Published After
Published Before

Search Results

  • The 1990s and the Remaking of the Neoconservative Foreign Policy Paradigm

    This essay explains how neoconservative foreign policy doctrine evolved from strenuously seeking to defeat the communist enemy during the Cold War to thoroughly seeking to preserve America’s newfound “unipolar moment” by constructing new enemies to defeat. It analyzes the generational transition within the neoconservative movement from the 1970s to the 1990s and its empire-building project in the post-Cold War era. Based on neoconservative publications and contributions to magazines such as Commentary, The National Interest, and Weekly Standard as well as the publications, reports, and statements of neoconservative think tanks (The Coalition for a Democratic Majority, The Committee on the Present Danger, American Enterprise Institute, The Project for New American Century, among others), the essay argues that the themes associated with the neoconservatives after 9/11—such as militarism, preemptive war, regime change, democratization, and unilateralism—had been rooted in the neoconservative discourse since the 1970s. It also shows that the post-9/11 neoconservative foreign policy approach was the product of neoconservative narratives during the Cold War era and after the fall of communism. (RA)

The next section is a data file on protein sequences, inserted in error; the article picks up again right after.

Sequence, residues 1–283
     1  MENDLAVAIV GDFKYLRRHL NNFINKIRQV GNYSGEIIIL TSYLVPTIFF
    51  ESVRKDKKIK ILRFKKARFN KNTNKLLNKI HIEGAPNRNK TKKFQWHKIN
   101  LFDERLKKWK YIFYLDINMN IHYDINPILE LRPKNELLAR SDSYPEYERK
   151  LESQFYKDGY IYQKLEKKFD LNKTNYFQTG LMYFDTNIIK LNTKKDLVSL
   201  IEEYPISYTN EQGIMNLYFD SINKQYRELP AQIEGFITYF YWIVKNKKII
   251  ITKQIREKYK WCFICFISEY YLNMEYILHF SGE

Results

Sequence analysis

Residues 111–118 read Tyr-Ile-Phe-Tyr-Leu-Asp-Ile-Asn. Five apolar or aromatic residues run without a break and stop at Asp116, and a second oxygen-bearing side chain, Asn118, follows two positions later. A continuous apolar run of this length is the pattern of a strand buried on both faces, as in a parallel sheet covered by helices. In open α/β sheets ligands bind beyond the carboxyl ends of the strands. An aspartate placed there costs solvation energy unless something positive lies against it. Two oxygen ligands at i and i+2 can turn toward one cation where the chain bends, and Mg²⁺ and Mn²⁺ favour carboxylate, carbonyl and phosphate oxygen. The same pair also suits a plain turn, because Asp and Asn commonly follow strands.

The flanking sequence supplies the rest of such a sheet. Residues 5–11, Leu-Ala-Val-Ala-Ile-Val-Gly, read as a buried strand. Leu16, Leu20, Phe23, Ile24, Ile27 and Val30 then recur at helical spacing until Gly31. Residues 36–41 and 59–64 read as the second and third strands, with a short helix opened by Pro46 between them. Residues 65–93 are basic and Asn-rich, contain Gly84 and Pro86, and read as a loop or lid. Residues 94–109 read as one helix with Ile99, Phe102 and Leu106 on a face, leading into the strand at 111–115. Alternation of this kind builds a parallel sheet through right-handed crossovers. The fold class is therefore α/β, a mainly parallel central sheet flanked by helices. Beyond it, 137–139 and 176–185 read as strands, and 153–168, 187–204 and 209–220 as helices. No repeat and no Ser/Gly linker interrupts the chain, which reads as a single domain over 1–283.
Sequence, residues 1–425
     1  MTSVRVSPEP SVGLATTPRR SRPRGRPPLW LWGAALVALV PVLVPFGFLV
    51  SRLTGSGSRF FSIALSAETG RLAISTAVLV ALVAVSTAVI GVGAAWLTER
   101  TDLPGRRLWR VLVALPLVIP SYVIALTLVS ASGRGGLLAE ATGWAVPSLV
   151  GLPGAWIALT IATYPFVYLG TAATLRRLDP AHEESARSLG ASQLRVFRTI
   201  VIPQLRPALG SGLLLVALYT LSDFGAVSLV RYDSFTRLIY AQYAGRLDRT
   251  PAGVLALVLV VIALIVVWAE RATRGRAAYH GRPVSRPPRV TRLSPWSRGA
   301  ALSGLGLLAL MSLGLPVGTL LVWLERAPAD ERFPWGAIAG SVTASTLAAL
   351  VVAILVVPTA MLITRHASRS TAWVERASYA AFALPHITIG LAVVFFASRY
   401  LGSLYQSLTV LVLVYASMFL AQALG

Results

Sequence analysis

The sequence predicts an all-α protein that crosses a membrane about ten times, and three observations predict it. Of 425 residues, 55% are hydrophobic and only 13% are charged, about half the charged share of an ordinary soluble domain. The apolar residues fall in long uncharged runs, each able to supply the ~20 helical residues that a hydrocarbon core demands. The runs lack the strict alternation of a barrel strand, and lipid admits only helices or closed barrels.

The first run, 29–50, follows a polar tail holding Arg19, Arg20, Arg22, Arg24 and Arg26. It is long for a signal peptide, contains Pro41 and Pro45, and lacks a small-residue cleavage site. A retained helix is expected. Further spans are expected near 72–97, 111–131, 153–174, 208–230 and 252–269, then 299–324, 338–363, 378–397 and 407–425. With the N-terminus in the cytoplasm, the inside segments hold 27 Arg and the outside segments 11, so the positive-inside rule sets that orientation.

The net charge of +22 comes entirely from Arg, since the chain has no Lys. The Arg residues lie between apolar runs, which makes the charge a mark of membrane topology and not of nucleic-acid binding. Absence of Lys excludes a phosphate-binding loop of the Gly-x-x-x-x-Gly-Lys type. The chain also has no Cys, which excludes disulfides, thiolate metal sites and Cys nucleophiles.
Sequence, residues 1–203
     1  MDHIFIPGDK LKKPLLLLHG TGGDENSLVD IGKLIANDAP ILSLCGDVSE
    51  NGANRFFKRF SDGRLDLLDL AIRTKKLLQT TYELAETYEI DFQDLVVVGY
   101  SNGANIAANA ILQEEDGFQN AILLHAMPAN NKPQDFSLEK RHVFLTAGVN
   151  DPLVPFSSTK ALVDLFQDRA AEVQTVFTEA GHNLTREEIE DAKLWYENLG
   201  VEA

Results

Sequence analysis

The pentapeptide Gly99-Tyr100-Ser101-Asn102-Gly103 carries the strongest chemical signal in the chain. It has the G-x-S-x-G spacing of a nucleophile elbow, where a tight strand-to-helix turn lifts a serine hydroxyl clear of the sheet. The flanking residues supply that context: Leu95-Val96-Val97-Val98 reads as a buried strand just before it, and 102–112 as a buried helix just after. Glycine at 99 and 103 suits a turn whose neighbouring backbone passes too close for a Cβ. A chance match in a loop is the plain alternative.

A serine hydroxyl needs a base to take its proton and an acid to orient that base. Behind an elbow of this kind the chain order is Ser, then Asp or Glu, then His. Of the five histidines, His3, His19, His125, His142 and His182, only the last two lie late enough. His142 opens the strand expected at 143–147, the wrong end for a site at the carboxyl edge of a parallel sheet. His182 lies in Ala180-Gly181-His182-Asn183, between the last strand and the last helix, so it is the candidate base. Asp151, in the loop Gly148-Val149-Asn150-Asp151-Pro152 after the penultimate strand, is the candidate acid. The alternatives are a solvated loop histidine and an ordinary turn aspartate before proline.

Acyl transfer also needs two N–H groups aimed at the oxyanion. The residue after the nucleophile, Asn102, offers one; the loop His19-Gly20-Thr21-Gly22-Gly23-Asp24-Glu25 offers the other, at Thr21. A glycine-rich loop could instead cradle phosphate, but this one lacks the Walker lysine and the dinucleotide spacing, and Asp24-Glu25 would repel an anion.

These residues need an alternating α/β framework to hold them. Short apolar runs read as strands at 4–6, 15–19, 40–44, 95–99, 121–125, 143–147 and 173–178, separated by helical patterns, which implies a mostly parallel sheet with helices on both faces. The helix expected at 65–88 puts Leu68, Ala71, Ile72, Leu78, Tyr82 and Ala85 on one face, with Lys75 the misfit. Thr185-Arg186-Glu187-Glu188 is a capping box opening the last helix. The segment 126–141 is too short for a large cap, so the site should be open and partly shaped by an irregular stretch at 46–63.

• Through the Eyes of the Delusional Ones

    Book review:

    Hanson, Victor Davis. The Case for Trump. New York: Hachette Book Group Inc., 2019. 355 pages. ISBN 978-5416-7353-3. Ebook. $16.81.

  • They Dare Disturb the Universe

    Book review:

    Kauffman, L. A.  Direct Action: Protest and the Reinvention of American Radicalism. London: Verso, 2017. 236 pages. ISBN 978-1-78478-409-6. Pbk. $12.